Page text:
He has found passage on false belief, Variation 2: 414, and does not think the whole with context is dogmatic. [Encloses copy of the passage.]
Down. | Beckenham | Kent. S.E.
My dear Sir
Though I may appear bothersome I must thank you cordially for your
letter: it has given me in [every] way sincere pleasure.— I have
told Murray to send you a copy of Dom. Animals, as I thought you w
Animal and Plants Voll 2. page 414
On the other hand it is certain that the ancon and mauchamp breeds of sheep, and almost certain that the niata cattle, turnspit and pug-dogs, jumper and frizzled fowls, short faced tumbler pigeons, hook-billed ducks &c, and with plants a multitude of varieties, suddenly appeared in nearly the same state as we now see them. The frequency of these cases is likely to lead to the false belief that natural species have often originated in the same abrupt manner. But we have no evidence of the appearance or at least of the continued procreation under nature of abrupt modifications of structure and various general reasons could be assigned against such a b[el]ief: for instance, without separation a single monstrous variation would almost certainly be soon obliterated by crossing.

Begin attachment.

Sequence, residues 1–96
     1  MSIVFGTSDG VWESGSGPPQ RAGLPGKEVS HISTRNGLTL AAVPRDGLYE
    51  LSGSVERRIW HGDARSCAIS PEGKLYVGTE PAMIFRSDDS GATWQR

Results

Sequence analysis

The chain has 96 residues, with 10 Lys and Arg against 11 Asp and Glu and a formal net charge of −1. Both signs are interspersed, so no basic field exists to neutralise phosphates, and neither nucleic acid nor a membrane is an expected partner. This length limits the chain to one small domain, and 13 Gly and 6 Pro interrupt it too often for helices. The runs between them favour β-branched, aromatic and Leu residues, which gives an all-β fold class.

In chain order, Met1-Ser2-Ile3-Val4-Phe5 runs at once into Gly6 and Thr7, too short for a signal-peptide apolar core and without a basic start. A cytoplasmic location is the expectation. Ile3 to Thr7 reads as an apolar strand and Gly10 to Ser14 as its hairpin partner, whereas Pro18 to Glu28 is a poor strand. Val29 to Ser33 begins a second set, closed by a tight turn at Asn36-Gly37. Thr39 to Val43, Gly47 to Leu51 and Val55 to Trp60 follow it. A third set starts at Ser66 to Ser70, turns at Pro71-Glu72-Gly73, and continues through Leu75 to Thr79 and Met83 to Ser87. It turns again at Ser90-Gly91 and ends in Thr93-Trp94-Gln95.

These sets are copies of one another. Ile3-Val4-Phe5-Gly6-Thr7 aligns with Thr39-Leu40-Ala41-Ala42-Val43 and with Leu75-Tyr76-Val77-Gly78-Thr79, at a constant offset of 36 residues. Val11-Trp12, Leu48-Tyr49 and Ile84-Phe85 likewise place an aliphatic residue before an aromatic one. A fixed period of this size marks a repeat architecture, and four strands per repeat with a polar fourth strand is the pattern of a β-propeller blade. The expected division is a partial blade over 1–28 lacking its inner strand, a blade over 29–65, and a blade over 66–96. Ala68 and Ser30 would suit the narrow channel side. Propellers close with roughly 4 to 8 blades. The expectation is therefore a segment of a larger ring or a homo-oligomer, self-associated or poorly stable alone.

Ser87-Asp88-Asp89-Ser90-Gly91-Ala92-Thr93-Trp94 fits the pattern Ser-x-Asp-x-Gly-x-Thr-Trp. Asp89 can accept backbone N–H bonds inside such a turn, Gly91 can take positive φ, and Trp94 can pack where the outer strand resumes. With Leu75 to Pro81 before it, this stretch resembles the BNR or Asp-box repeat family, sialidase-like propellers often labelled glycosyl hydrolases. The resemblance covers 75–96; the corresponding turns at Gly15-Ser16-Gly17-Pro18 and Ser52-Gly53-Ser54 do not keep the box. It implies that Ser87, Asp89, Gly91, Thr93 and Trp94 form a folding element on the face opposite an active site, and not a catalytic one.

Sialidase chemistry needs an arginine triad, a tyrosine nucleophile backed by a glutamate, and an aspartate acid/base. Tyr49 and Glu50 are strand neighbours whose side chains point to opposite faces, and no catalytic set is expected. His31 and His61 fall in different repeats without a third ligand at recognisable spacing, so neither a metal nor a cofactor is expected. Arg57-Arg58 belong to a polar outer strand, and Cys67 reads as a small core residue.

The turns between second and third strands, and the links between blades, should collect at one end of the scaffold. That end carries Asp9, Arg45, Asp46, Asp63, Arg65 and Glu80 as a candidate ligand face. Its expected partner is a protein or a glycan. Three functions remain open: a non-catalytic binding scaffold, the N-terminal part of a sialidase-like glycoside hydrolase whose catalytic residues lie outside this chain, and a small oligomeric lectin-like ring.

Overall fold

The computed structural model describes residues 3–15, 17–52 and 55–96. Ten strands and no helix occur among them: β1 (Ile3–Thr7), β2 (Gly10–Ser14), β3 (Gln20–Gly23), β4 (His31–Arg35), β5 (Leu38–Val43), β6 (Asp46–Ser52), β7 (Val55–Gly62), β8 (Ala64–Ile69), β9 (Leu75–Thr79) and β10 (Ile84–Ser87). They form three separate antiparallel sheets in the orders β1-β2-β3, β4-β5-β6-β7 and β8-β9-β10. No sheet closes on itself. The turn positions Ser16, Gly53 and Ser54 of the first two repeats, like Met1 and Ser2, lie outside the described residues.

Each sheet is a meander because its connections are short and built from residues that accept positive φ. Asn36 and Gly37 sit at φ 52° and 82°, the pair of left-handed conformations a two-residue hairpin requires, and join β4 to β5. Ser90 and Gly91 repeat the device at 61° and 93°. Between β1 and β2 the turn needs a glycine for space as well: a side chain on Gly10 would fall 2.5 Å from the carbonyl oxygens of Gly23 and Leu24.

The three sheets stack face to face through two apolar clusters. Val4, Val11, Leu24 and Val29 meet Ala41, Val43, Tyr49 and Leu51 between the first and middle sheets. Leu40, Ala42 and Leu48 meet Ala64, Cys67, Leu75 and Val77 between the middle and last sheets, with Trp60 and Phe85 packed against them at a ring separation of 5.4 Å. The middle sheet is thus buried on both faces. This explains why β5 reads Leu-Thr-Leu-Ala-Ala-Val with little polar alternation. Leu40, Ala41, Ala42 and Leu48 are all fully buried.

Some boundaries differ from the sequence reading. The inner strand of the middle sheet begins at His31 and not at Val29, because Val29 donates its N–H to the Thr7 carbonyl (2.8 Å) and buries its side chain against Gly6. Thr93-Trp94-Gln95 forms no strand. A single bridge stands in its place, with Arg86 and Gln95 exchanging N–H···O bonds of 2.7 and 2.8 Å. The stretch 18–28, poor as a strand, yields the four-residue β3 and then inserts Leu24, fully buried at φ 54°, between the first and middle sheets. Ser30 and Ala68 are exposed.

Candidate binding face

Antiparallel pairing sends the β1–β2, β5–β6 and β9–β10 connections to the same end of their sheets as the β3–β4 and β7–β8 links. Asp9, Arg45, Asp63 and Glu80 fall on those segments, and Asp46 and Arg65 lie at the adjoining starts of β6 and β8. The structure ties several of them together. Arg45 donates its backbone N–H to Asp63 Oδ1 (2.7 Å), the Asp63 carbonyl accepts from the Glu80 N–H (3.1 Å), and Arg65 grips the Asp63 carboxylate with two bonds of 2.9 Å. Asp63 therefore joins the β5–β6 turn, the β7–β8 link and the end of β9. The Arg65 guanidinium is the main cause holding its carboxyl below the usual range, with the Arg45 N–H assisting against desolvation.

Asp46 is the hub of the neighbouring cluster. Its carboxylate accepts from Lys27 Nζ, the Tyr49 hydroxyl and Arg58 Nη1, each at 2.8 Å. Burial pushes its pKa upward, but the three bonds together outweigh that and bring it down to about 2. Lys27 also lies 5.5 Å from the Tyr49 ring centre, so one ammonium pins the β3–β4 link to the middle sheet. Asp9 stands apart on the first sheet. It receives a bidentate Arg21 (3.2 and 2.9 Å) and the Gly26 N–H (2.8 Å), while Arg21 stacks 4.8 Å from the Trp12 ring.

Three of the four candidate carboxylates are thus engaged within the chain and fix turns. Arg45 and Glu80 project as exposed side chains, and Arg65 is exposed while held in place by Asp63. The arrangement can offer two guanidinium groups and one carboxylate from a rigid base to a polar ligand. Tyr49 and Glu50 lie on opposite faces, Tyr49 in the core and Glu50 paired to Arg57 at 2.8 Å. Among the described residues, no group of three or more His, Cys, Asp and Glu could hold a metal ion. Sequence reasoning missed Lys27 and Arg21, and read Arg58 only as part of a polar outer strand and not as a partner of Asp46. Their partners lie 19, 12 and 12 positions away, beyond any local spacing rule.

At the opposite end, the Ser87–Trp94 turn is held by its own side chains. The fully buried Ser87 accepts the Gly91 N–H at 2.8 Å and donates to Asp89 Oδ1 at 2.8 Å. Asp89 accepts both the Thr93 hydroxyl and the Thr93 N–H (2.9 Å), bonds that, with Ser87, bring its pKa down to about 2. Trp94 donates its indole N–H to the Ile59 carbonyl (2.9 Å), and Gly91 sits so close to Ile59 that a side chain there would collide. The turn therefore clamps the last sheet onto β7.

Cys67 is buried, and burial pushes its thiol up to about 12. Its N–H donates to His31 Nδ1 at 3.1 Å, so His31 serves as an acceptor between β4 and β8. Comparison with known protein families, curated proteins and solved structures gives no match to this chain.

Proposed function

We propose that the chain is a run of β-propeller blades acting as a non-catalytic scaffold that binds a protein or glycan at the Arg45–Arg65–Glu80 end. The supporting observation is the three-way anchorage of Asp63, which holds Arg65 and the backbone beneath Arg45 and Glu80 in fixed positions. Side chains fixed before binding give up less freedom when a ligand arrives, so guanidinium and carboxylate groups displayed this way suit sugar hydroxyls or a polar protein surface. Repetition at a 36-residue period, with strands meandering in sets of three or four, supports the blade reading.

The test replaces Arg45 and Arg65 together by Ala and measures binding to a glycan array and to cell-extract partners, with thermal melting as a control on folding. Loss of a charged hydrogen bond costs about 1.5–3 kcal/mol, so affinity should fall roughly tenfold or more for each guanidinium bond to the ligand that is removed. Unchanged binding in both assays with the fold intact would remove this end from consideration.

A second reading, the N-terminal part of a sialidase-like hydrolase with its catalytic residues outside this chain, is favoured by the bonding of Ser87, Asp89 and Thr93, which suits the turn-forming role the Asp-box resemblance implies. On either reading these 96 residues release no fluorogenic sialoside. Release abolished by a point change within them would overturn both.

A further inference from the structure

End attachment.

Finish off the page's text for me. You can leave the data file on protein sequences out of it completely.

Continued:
- f1 7462a.f1CD refers to the letter from St G. J. Mivart, 26 January 1871.
- f2 7462a.f2CD refers to his publisher, John Murray. Mivart had said that he did not have a copy of Variation (letter from St G. J. Mivart, 26 January 1871).
- f3 7462a.f3See letter to Francis Darwin, [after 21 January 1871], n. 2, letter to St G. J. Mivart, 23 January , and letter from St G. J. Mivart, 26 January 1871.
- f4 7462a.f4CD also discussed ancon and Mauchamp sheep in Variation 1: 100.
- f5 7462a.f5On niata cattle, see also Variation 1: 89--91.
- f6 7462a.f6On turnspit dogs, see also Variation 1: 17.
- f7 7462a.f7See also Variation 1: 230.
- f8 7462a.f8See also Variation 1: 152--3.